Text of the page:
The defense presented the opinions and conclusions of a second psychiatrist, Dr. Morris Herman, whose testimony also related to numerous self-serving out-of-court statements made by the appellant, which were admitted on the ground that they were part of the basis for Dr. Herman's opinion that the appellant was not criminally responsible.*fn6
At a pre-trial conference on September 16, 1968, two days before trial, Government counsel had informed the court that he had reason to believe that Dr. Denker would testify as a defense expert on the question of criminal responsibility. On the following day the Government moved to have the defendant psychiatrically examined by Dr. David Abrahamsen, an alienist, to determine appellant's criminal responsibility during the period 1956 to 1964. Defense counsel represented that he did not at that time know whether or not there would be an insanity defense and opposed the application as premature. The court below ruled: "In the face of a statement by respondent counsel that he himself does not know now whether on not insanity will be raised as a defense, I think it is far more prudent to deny your application."
On the third day of trial without any prior notice by defense counsel, Dr. Denker was called to testify on the criminal responsibility issue, as described above. At the close of Dr. Denker's direct examination, the Government renewed its motion to have appellant examined by Dr. Abrahamsen. Over defense counsel's objection, the application was granted.
The trial court also ordered the appellant "to cooperate fully with the examining psychiatrist and to answer each and every question put to him by the psychiatrist," adding "there is no privilege on the part of this defendant to decline to answer any question put to him by this examining psychiatrist," but Judge Wyatt was most emphatic in stating that he would limit the Government psychiatrist's testimony to the issue of criminal responsibility and would not permit the expert to repeat anything said to him by the defendant which bore on the issue of the defendant's guilt or innocence of the offenses charged. He said to counsel:
"Failure to file the tax returns when required is conceded and is not at issue. The issue as to guilt or innocence, aside from that of mental disease or defect, is solely whether the failure to file was wilful, that is, a conscious, deliberate and intentional failure, as opposed to an unconscious, inadvertent, or negligence [sic] failure.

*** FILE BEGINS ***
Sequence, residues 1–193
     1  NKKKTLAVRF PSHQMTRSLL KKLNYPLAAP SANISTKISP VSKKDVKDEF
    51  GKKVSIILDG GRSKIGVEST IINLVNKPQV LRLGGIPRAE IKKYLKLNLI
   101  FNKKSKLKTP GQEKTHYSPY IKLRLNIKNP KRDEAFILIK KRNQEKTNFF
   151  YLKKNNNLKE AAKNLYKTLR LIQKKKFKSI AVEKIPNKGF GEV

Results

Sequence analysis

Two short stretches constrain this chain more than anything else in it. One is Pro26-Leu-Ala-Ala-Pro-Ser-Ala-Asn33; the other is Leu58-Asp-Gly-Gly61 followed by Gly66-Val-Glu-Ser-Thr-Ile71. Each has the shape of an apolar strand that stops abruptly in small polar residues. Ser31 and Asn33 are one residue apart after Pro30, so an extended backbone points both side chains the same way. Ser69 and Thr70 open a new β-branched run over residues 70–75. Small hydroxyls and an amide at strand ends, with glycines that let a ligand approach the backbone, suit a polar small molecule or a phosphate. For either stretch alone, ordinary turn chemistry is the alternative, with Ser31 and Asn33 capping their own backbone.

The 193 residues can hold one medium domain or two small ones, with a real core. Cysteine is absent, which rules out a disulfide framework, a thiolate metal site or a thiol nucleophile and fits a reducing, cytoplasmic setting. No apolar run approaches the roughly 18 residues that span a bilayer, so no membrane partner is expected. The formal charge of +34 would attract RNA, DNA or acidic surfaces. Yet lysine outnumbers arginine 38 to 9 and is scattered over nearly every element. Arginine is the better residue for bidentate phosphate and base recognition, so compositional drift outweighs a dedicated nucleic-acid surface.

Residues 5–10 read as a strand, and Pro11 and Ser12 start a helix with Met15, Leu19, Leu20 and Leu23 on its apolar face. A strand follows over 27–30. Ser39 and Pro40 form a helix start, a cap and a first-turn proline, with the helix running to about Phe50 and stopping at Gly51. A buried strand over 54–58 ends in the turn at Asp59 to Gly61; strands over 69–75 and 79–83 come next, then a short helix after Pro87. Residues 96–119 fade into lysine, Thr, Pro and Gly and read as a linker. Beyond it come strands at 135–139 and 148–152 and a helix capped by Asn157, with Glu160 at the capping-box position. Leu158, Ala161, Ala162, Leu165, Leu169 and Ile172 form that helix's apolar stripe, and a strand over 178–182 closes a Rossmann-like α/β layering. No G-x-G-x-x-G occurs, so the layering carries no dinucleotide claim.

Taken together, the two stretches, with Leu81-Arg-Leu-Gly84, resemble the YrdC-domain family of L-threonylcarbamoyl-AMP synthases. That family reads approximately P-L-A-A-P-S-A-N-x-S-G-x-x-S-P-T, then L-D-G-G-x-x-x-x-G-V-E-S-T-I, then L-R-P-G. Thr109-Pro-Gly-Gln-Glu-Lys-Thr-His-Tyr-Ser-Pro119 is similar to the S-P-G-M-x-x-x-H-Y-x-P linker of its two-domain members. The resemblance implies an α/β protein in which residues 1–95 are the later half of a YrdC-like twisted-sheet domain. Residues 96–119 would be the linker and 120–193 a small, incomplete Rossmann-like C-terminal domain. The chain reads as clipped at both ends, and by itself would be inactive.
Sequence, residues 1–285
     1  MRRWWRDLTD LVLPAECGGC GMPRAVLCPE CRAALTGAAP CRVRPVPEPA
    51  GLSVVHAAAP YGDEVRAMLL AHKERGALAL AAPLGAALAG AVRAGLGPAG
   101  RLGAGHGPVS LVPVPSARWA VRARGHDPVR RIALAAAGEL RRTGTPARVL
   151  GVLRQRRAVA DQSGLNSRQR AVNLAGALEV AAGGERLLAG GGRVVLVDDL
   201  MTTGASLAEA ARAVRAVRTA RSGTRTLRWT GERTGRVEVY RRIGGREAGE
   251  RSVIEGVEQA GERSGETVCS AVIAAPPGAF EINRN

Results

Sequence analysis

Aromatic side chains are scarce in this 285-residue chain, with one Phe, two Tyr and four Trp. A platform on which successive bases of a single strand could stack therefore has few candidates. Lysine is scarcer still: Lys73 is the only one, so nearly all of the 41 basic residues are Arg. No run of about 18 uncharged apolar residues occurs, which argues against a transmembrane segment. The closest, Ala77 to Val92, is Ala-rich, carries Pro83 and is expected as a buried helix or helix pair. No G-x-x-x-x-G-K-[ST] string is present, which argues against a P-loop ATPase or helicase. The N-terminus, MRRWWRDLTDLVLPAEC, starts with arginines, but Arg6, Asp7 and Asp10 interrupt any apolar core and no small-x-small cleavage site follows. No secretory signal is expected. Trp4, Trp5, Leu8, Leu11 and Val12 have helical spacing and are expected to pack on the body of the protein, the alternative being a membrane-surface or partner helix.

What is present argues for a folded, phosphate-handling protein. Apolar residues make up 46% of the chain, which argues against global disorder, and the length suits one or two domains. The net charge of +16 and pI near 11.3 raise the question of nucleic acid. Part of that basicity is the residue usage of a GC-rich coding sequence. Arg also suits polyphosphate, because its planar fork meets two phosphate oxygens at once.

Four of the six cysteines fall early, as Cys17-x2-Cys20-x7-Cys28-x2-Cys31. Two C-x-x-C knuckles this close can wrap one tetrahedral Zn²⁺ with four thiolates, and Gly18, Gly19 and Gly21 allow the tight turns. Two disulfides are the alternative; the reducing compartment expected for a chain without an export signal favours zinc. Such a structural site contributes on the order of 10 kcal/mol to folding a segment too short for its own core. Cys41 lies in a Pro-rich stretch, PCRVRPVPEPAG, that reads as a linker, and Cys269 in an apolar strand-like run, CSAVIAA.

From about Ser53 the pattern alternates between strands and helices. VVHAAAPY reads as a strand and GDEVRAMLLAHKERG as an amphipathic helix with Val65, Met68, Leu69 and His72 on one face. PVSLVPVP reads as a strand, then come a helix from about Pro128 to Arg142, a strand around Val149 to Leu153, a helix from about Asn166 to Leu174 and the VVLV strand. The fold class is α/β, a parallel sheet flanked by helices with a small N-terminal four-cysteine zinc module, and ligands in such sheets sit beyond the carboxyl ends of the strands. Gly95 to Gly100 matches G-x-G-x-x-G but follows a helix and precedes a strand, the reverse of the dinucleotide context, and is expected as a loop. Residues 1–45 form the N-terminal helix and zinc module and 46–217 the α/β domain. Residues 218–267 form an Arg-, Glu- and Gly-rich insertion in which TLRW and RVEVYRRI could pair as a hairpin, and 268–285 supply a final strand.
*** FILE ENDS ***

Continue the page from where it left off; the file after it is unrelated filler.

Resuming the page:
"If any question is put to the doctor by the government as to what the defendant told the doctor and if an objection for the defendant is made to such a question, I will sustain the objection if the question relates to whether defendant's failure to file was wilful or not, and I will overrule the objection if the question does not relate to this issue. Drawing the line indicated may be extremely difficult, but I will attempt to do it."
Like Doctors Denker and Herman, Dr. Abrahamsen testified to statements made by the appellant during the psychiatric interview as the basis for his opinion that appellant was not suffering from a mental disease or defect.*fn7 But the trial judge was quick to prevent any testimony by Dr. Abrahamsen which directly concerned appellant's income taxes, even though both defense psychiatrists had been permitted to bolster the defense version of what had occurred. The following exchange took place:
"He [appellant] mentioned his tax difficulties about which he talked but I don't know whether I can say anything about that there.
"The Court: Don't tell us anything, Doctor, that he may have told you about his failure to file a tax return, just don't tell us anything about ...